I’ve ridden a suspension fork (White Brothers Magic 29 110mm) only twice – my very first ‘shake down’ ride after building it up and the Wilderness 101 a day and a half later. I chose to run the fork because of what I heard about the course, but in hindsight I could have easily ridden a rigid fork. And since the 101 a rigid fork is all I’ve run.
Other than comparing the White Brothers Rock Solid carbon fork to it’s suspended brother (Magic 29), which is like comparing apples to cement blocks, I don’t have any other experience on rigid forks (road bikes don’t count here). There are plenty of reviews on rigid forks, so I will let you do the research on them. All I can tell you is you get a great deal of weight savings and no energy loss. I really like the carbon fork – it’s stiff, light and goes where I point it. I’m not going to sit here and lie to you . . . there are times while riding when I wished for a suspension fork (usually after smashing into some large inanimate object that doesn’t move) . . . however, it’s the cat’s arse. I don’t notice any lateral flex or movement under torque wrenching on the bars while climbing or under harsh braking. It’s good, very good and goes along with the diSSent like peas and carrots. That said, Misfit also offers their own steel fork which matches up nicely with the frame.
What will make any fully rigid single speed a much more comfortable, fun and enjoyable ride is going tubeless. I’m on my third year with Stans No Tube rims and love them. I’ve had one flat due to a slice in a side wall that was too big to be filled. I usually run about 21 lbs in the front and about 25 lbs in the rear. As you know I have girth, but I have yet to dent a rim in three years while riding hardtails. You get a metric ton more traction and control on slippery roots and rocks, you corner at speed better with added tire contact with the ground, and your tubeless set up provides you with some suspension. I think riding any rigid single speed, or any hardtail for that matter, would be a much less enjoyable experience if it weren’t for tubeless.
Paragon sliders – I love them. The sliding dropouts worked smoothly and flawlessly. I never ran out of room in either direction to have unlimited gear combinations. I tend to run a couple chains for different gear options and usually kept the sliders in and around the same spot on the dropout so I cannot comment on ride differences based on the location of the rear axle to the bike.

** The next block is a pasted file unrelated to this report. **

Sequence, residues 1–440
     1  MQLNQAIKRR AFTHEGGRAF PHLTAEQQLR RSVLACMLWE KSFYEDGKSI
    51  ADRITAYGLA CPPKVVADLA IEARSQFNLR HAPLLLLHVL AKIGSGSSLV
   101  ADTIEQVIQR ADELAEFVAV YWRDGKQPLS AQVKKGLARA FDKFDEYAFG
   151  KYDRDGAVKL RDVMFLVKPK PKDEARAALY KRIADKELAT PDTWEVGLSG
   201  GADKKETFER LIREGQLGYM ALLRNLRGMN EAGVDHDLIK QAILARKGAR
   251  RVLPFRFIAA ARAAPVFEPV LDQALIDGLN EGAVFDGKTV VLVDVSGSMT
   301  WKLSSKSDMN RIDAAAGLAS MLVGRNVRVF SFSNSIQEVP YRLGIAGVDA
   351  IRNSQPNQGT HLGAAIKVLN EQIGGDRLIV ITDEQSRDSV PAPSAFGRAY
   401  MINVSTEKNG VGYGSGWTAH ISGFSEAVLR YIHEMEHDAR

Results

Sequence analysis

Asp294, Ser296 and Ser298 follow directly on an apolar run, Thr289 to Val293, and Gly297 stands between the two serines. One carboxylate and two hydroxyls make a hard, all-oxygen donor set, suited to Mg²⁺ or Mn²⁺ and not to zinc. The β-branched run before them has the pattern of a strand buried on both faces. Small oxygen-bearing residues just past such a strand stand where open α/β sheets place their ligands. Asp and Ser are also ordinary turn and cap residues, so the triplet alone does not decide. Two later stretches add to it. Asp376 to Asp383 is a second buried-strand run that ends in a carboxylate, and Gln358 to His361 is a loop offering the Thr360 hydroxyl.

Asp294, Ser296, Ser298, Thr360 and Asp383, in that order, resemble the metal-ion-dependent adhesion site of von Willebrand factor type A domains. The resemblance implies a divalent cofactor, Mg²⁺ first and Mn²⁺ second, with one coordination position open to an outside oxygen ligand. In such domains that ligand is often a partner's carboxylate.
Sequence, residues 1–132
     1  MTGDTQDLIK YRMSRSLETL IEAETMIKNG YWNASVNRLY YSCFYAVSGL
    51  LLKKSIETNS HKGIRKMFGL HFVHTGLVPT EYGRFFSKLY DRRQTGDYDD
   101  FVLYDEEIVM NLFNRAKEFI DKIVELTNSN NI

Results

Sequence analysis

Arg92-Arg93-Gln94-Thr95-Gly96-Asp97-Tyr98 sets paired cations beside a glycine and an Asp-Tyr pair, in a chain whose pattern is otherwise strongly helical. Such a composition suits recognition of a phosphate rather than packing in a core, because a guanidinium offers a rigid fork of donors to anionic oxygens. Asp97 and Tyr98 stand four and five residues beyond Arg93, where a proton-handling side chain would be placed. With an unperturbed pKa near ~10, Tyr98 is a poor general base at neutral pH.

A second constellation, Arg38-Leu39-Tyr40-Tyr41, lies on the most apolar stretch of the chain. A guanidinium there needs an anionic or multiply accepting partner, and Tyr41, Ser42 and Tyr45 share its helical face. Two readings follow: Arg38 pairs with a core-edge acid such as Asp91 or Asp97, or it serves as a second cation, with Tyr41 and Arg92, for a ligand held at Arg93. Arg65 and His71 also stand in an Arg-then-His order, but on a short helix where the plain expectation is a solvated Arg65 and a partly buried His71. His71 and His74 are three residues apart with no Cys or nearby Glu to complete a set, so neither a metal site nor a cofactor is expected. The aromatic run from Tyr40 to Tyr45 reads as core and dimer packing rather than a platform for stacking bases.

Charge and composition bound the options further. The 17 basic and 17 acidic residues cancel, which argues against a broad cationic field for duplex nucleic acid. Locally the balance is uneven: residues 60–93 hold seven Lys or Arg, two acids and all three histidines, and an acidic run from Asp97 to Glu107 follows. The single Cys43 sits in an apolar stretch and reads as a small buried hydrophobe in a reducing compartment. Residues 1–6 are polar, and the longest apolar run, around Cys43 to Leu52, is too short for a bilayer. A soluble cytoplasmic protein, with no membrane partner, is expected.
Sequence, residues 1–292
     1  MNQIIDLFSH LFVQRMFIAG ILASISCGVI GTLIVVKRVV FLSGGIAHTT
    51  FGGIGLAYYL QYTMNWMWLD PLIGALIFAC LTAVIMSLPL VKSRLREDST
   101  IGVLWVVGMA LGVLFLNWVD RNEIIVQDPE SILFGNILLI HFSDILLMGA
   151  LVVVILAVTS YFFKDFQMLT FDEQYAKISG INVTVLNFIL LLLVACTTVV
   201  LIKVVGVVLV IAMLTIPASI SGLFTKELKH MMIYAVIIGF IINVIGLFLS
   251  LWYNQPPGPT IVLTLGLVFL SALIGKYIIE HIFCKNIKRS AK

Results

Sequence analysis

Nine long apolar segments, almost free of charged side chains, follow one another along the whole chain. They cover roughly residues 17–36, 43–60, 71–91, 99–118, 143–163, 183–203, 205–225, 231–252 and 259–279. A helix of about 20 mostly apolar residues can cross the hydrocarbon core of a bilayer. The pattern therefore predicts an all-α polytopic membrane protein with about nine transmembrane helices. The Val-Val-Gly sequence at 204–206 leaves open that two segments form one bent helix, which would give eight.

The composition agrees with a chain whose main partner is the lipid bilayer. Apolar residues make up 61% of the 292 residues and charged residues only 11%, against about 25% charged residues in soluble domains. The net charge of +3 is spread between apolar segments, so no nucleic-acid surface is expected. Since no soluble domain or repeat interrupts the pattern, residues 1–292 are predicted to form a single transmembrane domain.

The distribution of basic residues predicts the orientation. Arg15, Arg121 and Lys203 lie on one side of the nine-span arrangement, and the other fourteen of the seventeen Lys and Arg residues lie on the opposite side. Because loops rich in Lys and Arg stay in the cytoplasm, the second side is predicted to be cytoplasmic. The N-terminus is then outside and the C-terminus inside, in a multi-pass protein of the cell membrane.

Alas, Paragon will be no more as a Misfit in-house design, said to be better, replaces them. Many ss’ers use half links, I don’t, never have. The adjustment is simple to use so why bother getting your hands dirty messing with the chain. I never had issue with the wheel or axle moving around on me.
Cable routing – simple enough detail, but I liked how I was able to neatly tuck away my brake line from damage due to inevitable crashes.
Paint – I’ve got a couple nit pics with the paint, nothing major again but worth noting. There is no clear coat over the decals. I am a bit anal retentive about keeping my bikes uber clean and tend to wash them lots. I found that over time the decals began to peel away. Also, if you are using a down tube clamp style bike rack on your car, it can tear at the decals. I ended up replacing the original decals and getting my own clear coat done locally for a reasonable price and quick turn around. If you’re going to be spending this kind of money on a beauty steel frame I don’t think too many would shrug at a few more dollars to have a clearcoat finish. The paint quality could be better as there were some flecks, blemishes here and there. I can only guess that because my bike was in the first batch of Fe frames that maybe it was rushed.
Seat stays – plenty o’room for big fat tires. The sliders assist in this regard, but I never had any issues fitting fat rubber in the rear. The largest tire that I ran in the back was a Schwabe Racing Ralph 2.4, but could have gone even larger.
Weight – I’ve never actually weighed my bike cause when you’re carrying around an extra five-to-ten pounds of girth bike weight isn’t that important. However, from my best guesstimate I put it around the 22lb mark making it a very nice bike to ride up hills and flick around the trails.
Don’t believe me? Calling me a big fat liar? See for yourself . . .
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